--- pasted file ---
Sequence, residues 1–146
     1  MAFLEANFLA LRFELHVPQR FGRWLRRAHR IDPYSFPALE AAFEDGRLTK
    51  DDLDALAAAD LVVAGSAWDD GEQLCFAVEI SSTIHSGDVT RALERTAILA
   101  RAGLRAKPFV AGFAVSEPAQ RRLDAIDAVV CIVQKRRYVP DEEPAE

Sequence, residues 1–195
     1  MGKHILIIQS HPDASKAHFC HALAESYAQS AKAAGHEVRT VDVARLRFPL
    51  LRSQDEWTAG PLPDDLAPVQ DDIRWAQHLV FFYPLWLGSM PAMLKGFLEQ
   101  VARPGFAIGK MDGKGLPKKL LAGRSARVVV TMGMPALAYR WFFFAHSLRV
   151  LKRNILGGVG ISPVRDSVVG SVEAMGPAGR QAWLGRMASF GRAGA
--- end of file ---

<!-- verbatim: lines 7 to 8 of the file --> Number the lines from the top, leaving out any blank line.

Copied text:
    51  LRSQDEWTAG PLPDDLAPVQ DDIRWAQHLV FFYPLWLGSM PAMLKGFLEQ
   101  VARPGFAIGK MDGKGLPKKL LAGRSARVVV TMGMPALAYR WFFFAHSLRV